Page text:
- Output and new orders fall at the quickest pace since April 2020
- Solid and accelerated depletion in stocks of purchases
- Near-record rate of output-charge inflation
October data revealed another substantial deterioration of business conditions in Ghana’s private sector – amid accelerated downturns for output, new orders, input inventories and employment. Panel comments alluded to severe implications from worsening cedi-dollar exchange rates, which reportedly weighed on client demand. Subsequently, sentiment fell to the lowest for over two-and-a-half years, with firms also indicating concern over the global macro economy.
Meanwhile, prices data signalled elevated rates of input-cost inflation, with purchase expenses particularly high. That said, the rate of overall input price inflation moderated, which contrasted with an accelerated rise in selling prices. In fact, output charges increased at a near-record rate; surpassed only by that seen in August.
The S&P Global Ghana Purchasing Managers’ Index™ posted below the neutral value of 50.0 for the ninth month in a row (44.0 in October from 45.6 in September), signalling another deterioration in business conditions. The latest result was the third-weakest in the survey’s history, exceeded only by that seen during the pandemic’s height in March and April 2020.
Central to the latest deterioration were accelerated falls in output and new orders. In fact, the rates of declines in both cases were the most pronounced since the pandemic’s initial phase (in March and April 2020), and the third-steepest in the survey’s history. According to panel comments, clients were deterred from placing orders in light of high prices. Firms scaled back their output levels in response to weaker demand.
Lower output requirements led firms to reduce their purchasing activity sharply, with the rate of decline quickest since April 2020. Pre-production inventory holdings were also cut, amid growing pressure on firms’ profits and weaker inflows of new work.
Ghanaian firms also reduced their headcounts during the month, with the rate of decline solid and the quickest since June 2020. Recent pressure on costs led firms to scale back on workforces, but they also blamed a lack of new orders.
Outstanding business at Ghanaian private sector firms fell, signaling ten consecutive months of decline. Moreover, the rate of backlog depletion was sharp and the quickest since March. Subdued demand conditions allowed firms to work through their incomplete work.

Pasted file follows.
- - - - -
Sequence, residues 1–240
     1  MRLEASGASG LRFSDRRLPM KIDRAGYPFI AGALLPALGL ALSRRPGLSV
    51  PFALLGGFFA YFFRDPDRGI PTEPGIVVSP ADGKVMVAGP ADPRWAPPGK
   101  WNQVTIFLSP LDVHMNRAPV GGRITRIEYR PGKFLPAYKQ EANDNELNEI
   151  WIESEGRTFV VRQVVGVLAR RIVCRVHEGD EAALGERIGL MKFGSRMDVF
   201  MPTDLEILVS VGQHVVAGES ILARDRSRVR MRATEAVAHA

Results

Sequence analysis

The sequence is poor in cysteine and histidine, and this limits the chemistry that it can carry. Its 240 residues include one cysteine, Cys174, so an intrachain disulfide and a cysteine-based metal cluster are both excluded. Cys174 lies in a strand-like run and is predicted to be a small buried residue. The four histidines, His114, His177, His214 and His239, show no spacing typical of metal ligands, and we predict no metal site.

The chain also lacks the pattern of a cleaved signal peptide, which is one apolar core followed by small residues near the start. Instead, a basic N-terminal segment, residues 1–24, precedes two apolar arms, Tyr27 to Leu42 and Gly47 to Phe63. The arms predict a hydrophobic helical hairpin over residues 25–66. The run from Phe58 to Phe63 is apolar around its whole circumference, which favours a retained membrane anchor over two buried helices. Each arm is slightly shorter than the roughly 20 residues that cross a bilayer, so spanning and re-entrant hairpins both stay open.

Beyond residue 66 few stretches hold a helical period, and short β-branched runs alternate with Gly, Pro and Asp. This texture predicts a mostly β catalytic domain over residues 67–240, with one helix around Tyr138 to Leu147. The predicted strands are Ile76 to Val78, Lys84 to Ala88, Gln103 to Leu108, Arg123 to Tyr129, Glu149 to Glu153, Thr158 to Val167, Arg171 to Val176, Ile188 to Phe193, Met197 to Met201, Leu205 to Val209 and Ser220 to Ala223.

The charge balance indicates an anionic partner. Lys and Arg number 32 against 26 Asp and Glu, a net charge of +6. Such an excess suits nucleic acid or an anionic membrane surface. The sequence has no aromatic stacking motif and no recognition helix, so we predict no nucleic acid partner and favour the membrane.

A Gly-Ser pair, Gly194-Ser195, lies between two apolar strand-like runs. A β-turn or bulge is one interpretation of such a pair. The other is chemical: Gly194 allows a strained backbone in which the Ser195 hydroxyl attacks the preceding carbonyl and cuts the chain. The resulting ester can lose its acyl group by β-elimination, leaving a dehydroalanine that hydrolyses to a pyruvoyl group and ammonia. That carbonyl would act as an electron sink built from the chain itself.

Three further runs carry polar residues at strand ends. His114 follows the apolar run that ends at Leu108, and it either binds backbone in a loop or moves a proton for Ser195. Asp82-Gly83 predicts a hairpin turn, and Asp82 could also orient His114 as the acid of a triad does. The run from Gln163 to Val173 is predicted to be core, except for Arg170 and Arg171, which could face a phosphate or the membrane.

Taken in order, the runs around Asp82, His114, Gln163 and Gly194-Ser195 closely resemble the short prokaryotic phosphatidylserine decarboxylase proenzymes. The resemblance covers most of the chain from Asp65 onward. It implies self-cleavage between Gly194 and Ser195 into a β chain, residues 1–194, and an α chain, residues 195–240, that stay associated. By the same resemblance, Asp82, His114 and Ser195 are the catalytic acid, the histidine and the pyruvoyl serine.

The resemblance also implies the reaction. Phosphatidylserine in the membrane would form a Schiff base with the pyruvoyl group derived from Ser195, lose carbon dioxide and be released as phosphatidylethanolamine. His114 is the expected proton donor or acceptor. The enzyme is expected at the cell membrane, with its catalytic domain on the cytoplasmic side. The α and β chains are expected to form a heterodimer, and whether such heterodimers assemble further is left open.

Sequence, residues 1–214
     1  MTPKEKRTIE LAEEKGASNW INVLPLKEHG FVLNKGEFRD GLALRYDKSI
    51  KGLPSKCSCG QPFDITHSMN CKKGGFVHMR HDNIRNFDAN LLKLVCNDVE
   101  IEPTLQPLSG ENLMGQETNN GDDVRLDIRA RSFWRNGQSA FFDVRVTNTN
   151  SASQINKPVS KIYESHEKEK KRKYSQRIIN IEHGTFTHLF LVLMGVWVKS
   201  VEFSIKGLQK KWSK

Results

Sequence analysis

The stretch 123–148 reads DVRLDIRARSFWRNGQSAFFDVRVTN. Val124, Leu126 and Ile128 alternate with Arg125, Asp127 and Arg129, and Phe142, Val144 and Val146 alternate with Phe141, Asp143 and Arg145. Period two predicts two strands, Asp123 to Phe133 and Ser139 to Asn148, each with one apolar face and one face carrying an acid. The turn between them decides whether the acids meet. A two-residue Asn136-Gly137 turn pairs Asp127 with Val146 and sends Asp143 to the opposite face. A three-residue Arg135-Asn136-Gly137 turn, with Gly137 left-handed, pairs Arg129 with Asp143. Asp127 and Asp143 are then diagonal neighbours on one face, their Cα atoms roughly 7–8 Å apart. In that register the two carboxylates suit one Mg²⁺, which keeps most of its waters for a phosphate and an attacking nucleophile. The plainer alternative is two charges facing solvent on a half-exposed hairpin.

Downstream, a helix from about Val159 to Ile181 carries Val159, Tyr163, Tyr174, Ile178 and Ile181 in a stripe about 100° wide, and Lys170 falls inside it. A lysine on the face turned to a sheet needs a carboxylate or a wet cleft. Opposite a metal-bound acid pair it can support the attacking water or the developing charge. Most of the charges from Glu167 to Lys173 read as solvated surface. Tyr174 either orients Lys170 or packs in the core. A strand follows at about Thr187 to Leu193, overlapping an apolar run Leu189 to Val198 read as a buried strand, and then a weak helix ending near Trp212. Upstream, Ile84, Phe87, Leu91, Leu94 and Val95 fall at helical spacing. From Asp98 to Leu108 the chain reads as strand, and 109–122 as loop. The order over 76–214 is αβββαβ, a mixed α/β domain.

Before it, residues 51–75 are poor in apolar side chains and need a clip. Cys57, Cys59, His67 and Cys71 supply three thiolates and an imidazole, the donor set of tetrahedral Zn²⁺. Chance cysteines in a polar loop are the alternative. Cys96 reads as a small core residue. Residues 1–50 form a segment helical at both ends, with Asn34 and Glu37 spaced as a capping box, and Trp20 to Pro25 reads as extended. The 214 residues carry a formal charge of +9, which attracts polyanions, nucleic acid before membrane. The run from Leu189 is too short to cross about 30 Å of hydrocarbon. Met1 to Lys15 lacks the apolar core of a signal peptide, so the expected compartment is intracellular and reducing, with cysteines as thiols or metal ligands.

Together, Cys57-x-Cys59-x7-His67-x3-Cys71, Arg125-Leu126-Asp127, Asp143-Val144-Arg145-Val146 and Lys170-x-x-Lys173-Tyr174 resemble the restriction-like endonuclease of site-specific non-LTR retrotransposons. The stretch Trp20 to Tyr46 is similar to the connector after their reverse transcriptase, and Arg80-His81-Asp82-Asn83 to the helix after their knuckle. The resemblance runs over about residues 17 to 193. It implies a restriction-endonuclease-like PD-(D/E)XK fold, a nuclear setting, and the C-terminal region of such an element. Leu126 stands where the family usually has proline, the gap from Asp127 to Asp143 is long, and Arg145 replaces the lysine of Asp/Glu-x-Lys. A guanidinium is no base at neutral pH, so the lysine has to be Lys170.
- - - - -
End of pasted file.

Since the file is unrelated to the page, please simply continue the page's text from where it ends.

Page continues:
Vendor performance improved in October, signalling the fifteenth successive month of improvement. That said, lead times shortened at the weakest rate since start of the year.
Purchase costs continued to rise markedly, despite inflation softening to a three-month low. The rise was overwhelmingly linked to unfavourable cedi-dollar exchange rate movements. Despite moderating to a three-month low, the overall rate of input price inflation was substantial. In response, firms hiked their selling charges at the second-fastest rate in the survey’s history, with the latest increase outpaced only by that seen in August.
Ghanaian businesses foresee an expansion in output by October 2023, with firms hopeful that market conditions will stabilise and price pressures will ease. That said, the degree of optimism was weakest since start of the COVID-19 pandemic in March 2020.
Shreeya Patel, Economist at S&P Global Market Intelligence said: “The latest PMI data for Ghana signalled another marked deterioration in business conditions at start of the fourth quarter. Output and new orders fell sharply, with the rates of decline among the quickest in the survey’s history and surpassed only by those seen during the pandemic’s initial phase in March and April 2020. Consequently, firms grew less optimistic of their output expectations over the year-ahead, and cut their headcounts solidly.
“Recent performance largely reflected the unfavourable cedi-dollar exchange rate movements, which exerted upward pressure on costs and selling prices. The higher revisions to selling prices deterred customers from placing orders in October.
“The Ghanaian economy has struggled over the last year or so, and latest data suggests the troubling trading conditions are set to persist. Recent currency weakness has pushed the economy deeper into contraction territory, with businesses showing increased concern over the current environment. For now, firms hope that the currency recovers and price pressures subside.”